French intellectuals are good at what they do. This guy made me understand things that I maybe already knew or felt subconsciously but had never conceptualized or organized or put into good words before. Plus all sorts of new stuff I wasn't at all aware of. All woven together into a coherent story involving ideas from nearly every discipline in a very clever and stimulating way. Bravo.

Reminds me a bit of listening to Larry Lessig speak, except Larry is just plain crazier. Not as coherent.

He even drew a graph with x and y axes and talked about hyperbolas.

When done poorly, this sort of thing turns into a parody of itself. I've listened to a few of those, especially French academics talking about literature and the weird kind of analysis they do. But this guy was good.

Another left/right difference I've noticed: Right bank: streets named after generals, men and women better looking and better dressed. Left bank: streets named after artists, writers, philosophers, mathematicians, and scientists. Men and women still look good and "chic", but not like on the right bank.

I know exactly who that lecturer reminded me of. Not Larry Lessig. It just came to me. Jean-Louis Gassée, the Apple executive back in the old days who founded Be, Inc. Wonderful speaker. Incredibly funny and stimulating at the same time. But Jean-Louis had a much dirtier mouth. Maybe the lecturer yesterday does too, but was restraining himself.

My classroom is in a very good neighborhood. This picture is of the well-known Hôtel Montalembert next door to the church. 5 stars is good as it gets. The inside looks like a palace.

Wow, another part of Arènes de Lutèce that I hadn't discovered before. Very pleasant here sitting in the shade on a bench. With free wifi, naturellement. Little group of chattering kids just went past, but otherwise I'm all alone. Peaceful.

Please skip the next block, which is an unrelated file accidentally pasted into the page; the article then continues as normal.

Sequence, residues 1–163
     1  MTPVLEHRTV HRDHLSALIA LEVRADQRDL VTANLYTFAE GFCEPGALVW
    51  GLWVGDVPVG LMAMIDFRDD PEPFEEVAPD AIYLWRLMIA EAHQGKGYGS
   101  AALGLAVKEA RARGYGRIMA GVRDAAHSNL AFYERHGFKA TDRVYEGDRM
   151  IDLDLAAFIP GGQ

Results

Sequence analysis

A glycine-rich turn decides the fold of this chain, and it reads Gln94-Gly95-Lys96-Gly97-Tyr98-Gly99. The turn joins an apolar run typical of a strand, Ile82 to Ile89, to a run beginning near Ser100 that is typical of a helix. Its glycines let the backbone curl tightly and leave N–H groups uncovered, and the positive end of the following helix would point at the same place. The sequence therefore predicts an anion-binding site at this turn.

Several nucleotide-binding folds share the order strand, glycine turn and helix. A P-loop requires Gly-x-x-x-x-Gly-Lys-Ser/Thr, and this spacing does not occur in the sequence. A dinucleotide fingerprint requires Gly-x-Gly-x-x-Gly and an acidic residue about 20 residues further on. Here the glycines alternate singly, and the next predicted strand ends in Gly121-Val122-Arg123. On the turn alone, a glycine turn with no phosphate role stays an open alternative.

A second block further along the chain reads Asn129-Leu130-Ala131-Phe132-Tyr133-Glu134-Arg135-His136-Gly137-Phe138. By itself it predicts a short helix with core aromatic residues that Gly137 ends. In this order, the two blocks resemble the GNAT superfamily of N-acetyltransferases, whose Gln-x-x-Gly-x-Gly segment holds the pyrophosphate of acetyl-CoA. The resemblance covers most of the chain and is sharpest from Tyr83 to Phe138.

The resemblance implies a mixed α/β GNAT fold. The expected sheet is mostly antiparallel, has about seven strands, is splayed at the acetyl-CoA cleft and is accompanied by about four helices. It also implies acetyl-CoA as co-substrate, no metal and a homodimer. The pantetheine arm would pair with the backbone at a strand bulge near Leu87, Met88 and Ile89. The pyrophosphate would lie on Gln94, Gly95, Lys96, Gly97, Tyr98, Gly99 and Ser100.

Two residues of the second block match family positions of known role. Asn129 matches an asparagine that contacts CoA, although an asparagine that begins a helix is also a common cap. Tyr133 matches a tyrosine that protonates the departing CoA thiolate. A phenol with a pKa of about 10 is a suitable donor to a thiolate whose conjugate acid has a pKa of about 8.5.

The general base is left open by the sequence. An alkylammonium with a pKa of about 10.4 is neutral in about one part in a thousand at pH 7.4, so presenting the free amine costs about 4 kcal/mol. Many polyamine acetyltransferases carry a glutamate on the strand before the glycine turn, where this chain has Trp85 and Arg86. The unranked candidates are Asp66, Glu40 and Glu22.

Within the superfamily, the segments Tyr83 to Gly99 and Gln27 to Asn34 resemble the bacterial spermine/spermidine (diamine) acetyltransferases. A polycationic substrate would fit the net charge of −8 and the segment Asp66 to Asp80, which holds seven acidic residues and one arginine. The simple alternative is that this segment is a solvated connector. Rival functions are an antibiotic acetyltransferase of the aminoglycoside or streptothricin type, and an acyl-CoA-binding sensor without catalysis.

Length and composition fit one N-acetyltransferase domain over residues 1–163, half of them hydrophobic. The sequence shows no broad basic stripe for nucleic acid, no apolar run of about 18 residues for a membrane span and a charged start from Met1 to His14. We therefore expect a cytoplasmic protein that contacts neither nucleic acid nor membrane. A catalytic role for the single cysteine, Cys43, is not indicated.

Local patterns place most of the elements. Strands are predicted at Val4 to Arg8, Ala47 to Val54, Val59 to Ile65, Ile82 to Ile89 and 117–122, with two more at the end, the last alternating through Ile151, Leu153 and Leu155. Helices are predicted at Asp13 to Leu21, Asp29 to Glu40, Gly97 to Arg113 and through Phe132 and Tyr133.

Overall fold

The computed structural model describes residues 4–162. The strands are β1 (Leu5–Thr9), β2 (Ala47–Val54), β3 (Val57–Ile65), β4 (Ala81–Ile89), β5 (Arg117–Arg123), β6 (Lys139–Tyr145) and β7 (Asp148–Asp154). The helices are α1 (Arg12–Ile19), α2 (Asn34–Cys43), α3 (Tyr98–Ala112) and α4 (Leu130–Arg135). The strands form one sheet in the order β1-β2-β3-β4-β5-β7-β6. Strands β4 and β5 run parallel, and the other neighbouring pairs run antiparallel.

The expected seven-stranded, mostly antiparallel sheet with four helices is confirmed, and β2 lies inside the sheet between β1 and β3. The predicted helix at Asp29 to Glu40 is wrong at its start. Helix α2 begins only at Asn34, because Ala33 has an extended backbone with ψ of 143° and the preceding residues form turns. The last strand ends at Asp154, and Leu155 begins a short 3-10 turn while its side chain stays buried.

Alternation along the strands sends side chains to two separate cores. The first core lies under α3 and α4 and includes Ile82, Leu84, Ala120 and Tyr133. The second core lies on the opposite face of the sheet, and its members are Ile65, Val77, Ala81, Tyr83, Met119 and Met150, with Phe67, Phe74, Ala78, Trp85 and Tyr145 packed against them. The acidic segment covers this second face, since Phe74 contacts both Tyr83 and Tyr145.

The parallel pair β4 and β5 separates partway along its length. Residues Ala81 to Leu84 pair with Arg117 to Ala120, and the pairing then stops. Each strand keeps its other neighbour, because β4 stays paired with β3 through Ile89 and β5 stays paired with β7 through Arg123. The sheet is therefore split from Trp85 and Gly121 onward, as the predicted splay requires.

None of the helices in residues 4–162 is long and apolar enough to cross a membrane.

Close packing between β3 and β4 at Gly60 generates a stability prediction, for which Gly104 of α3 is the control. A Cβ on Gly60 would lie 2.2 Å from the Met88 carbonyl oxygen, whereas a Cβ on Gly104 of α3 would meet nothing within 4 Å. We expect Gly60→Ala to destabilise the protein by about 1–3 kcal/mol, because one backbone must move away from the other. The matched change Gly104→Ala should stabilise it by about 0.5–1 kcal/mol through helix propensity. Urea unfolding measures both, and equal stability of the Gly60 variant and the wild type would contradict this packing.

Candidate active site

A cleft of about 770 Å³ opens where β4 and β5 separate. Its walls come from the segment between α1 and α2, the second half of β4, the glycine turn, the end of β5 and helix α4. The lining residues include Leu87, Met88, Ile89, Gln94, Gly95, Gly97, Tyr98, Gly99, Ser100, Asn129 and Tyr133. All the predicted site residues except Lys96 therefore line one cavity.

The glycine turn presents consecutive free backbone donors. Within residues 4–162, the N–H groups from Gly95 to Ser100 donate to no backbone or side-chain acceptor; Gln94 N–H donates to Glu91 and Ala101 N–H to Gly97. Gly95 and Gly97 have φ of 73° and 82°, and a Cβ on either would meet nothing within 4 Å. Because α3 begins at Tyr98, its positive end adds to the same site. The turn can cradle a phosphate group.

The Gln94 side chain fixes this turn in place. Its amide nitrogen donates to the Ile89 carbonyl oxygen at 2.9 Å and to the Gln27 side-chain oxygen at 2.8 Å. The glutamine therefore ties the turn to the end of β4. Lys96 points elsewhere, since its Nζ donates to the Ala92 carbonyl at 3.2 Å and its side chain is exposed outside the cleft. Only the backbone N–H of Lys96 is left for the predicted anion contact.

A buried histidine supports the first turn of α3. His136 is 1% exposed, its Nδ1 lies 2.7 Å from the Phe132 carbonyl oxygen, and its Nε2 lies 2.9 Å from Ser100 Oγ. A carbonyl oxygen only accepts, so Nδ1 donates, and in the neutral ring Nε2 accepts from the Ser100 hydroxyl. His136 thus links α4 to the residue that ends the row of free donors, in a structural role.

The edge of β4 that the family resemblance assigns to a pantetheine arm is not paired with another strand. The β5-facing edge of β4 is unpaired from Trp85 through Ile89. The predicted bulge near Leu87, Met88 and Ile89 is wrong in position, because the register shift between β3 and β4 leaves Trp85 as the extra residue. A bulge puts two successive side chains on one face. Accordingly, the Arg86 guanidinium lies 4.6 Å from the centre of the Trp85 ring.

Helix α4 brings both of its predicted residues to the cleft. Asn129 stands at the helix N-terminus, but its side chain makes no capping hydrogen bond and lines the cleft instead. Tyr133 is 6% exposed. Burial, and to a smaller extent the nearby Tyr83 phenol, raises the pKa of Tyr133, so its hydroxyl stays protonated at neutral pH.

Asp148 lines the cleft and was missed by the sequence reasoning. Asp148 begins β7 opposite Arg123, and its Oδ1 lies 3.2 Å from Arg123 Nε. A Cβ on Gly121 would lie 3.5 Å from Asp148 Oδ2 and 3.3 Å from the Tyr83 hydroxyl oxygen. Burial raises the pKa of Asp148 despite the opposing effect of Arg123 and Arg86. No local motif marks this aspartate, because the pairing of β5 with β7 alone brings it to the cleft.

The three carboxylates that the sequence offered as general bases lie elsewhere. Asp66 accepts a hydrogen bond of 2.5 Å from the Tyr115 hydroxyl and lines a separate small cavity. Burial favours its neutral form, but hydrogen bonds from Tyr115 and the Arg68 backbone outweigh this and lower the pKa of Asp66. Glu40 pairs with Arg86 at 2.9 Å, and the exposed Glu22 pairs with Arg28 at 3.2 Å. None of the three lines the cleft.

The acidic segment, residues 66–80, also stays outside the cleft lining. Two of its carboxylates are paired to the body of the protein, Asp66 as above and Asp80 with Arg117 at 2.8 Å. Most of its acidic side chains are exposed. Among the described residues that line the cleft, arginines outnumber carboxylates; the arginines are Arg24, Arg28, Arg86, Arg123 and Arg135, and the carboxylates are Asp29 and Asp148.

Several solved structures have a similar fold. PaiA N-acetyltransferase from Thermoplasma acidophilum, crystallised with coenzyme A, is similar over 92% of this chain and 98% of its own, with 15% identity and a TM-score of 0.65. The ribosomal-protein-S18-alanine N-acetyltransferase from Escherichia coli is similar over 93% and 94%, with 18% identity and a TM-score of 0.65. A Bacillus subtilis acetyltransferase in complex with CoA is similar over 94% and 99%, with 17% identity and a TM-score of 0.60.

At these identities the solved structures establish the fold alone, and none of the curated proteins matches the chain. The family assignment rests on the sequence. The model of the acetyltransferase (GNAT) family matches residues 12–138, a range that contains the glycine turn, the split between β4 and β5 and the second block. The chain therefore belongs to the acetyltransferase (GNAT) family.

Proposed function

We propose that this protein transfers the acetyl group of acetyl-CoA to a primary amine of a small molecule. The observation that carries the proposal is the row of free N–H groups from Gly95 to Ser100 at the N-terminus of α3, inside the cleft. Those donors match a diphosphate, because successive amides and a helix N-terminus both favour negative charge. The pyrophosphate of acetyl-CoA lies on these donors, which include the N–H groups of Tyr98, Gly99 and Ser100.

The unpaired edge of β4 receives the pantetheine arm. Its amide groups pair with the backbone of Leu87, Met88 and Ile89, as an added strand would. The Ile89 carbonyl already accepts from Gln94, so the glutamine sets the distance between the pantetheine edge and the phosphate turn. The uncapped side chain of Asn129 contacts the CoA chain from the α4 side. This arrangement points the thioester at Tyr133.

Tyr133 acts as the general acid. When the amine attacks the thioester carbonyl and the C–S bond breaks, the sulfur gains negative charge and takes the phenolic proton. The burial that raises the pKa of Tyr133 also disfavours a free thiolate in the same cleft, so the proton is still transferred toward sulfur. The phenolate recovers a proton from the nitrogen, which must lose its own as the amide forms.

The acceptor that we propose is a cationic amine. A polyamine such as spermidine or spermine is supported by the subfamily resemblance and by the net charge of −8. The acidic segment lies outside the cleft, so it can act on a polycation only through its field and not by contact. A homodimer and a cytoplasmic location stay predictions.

Back from the Arènes. When I left I had two options - a really long circuitous route up and down some ancient stairs, or climb over an iron railing onto a ledge and drop down about 8 feet to the sandy ground. I chose the latter. Some kids were leaping across a big gap from one ledge to another. Very acrobatic. One of them landed on the ledge right next to me. I told him "tres bien fait" (very well done). He asked if I wanted to try. I told him "Non, non, non, merci. Je pars." (No, no, no, thanks - I'm leaving). It was very nice of him to think that I could even come close to doing that. When I was his age, sure, but now? In any case, it was too cute for words, hanging out on that ledge with the other kids.

Dinner tonight is Asian again, travers de porc au caramel (spare ribs in a caramel sauce). I passed on the rice because I've been eating so much bread. As always with the food here, it's delicious. The international cuisine is particularly good.